My parish priest shared a story at the beginning of his homily last week that really struck me and has stayed with me.  That’s usually a sign that a blog might be brewing!  The story goes:

“A man was getting ready to tightrope walk across Niagara Falls, pushing a wheelbarrow.  He asked how many believed he could do it.  No one believed he could.  But he proceeded to cross with his wheelbarrow.  When he got to the other side, he asked the spectators on that side if they really believed he could do it again.  All agreed he could.  So he asked them again if they believed he could, and they all answered yes.  Then he asked, “So who wants to get in and let me push them across?”  Would you?

That’s the thing, isn’t it?  Even after seeing this happen, it would take a great amount of courage to actually get in that wheelbarrow.  Fear gets in our way.  We think of all the things that could go wrong.  Isn’t that what happens in our spiritual lives as well?  Fear keeps us from changing.  Fear keeps us from letting go.  Sometimes darkness can creep in and cover us with a blanket of gloom or despair.  But as Providence people we know that even in our darkness we are never alone.  God is with us in it…with us in our suffering and times of doubt and distrust.  What I’ve come to learn is that even darkness has a gift to give us. 

So the question becomes how do we bear adversity in our lives?  Are we angry and impatient, do we look for an easy way out or do we witness hope?  Are there patterns of grace that are awaiting us in the gift of suffering or times of darkness?  If we simply focus on all the violence or devastation happening in our world today, the natural disasters that leave thousands homeless, or in such dire poverty without even clean drinking water, we could feel smothered by fear and despair.  Just listening still to the numbers of people who have died from Covid and Covid related cases is astronomical!  Missionaries and children kidnapped; it all brings tears to my eyes.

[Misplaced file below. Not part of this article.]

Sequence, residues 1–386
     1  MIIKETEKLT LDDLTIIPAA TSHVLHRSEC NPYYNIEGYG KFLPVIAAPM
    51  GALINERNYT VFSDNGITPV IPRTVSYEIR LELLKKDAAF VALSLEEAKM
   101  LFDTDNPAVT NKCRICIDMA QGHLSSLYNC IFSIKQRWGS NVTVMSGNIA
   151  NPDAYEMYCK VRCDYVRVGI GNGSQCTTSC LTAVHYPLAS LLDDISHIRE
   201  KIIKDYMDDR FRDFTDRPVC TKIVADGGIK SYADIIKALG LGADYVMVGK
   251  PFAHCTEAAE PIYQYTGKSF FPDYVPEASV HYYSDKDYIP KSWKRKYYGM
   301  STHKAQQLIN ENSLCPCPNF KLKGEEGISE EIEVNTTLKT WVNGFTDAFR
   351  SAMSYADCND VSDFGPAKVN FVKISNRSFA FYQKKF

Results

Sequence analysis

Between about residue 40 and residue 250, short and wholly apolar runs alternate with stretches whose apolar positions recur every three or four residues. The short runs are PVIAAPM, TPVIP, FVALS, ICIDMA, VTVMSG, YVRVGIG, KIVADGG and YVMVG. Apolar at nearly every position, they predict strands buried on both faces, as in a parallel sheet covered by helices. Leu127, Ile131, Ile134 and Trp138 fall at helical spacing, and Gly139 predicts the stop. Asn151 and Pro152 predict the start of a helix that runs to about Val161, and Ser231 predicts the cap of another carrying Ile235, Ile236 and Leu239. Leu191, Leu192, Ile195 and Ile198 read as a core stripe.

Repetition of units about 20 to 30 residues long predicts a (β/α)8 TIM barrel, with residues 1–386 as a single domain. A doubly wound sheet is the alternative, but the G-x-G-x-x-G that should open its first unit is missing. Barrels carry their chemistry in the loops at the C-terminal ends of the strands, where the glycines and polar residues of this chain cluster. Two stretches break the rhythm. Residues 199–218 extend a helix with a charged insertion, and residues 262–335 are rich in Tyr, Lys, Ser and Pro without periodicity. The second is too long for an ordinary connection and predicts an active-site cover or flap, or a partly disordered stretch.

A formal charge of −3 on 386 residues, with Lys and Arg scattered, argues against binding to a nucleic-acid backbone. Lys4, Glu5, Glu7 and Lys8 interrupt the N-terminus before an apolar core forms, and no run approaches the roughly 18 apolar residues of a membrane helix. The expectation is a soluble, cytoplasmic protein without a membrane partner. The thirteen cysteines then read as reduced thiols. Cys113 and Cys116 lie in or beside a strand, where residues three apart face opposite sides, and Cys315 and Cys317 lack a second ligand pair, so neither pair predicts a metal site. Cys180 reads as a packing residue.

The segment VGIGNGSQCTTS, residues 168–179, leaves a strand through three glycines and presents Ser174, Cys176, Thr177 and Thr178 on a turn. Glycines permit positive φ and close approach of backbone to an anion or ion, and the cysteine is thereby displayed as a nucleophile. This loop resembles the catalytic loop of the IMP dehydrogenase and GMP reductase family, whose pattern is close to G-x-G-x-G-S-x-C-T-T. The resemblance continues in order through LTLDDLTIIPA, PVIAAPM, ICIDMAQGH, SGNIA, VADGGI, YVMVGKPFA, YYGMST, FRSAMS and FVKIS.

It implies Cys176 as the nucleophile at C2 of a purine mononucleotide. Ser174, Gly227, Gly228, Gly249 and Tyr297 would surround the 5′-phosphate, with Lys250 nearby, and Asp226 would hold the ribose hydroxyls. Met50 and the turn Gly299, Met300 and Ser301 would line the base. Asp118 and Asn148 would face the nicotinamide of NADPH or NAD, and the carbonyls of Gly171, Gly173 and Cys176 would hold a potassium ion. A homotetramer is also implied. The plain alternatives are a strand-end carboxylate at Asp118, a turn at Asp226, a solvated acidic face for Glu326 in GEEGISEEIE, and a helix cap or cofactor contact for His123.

But as Christians, and certainly as Providence women and men, we know that suffering can be a great teacher.  For sure it teaches us that we are not in control.  God is.  We are invited to surrender our suffering or times of darkness to the God we name Providence.  It is often a mystery that threads through our lives.  It calls for trust.  The tapestry we might call our life, of its ups and downs, its darkness and light, challenges us to get in the wheelbarrow.  Why?  Because, as Sr. Myra Rodgers, CDPS says: “God is met in the place of darkness (or fear) because God was present all along the way.”

If you were to get in the wheelbarrow, what fears would you need to face as you went across?

Barbara McMullen, CDP

 

 

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